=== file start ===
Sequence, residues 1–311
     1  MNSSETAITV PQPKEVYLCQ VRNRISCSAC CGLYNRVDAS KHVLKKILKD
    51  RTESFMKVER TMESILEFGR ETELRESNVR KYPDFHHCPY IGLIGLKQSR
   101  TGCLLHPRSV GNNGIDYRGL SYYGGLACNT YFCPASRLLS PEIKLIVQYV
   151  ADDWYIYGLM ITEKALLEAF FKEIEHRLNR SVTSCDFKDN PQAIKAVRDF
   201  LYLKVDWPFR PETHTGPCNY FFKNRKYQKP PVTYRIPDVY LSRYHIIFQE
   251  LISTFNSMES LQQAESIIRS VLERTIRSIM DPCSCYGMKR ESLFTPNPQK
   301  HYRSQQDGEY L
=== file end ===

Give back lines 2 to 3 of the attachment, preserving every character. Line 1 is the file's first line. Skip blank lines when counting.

     1  MNSSETAITV PQPKEVYLCQ VRNRISCSAC CGLYNRVDAS KHVLKKILKD
    51  RTESFMKVER TMESILEFGR ETELRESNVR KYPDFHHCPY IGLIGLKQSR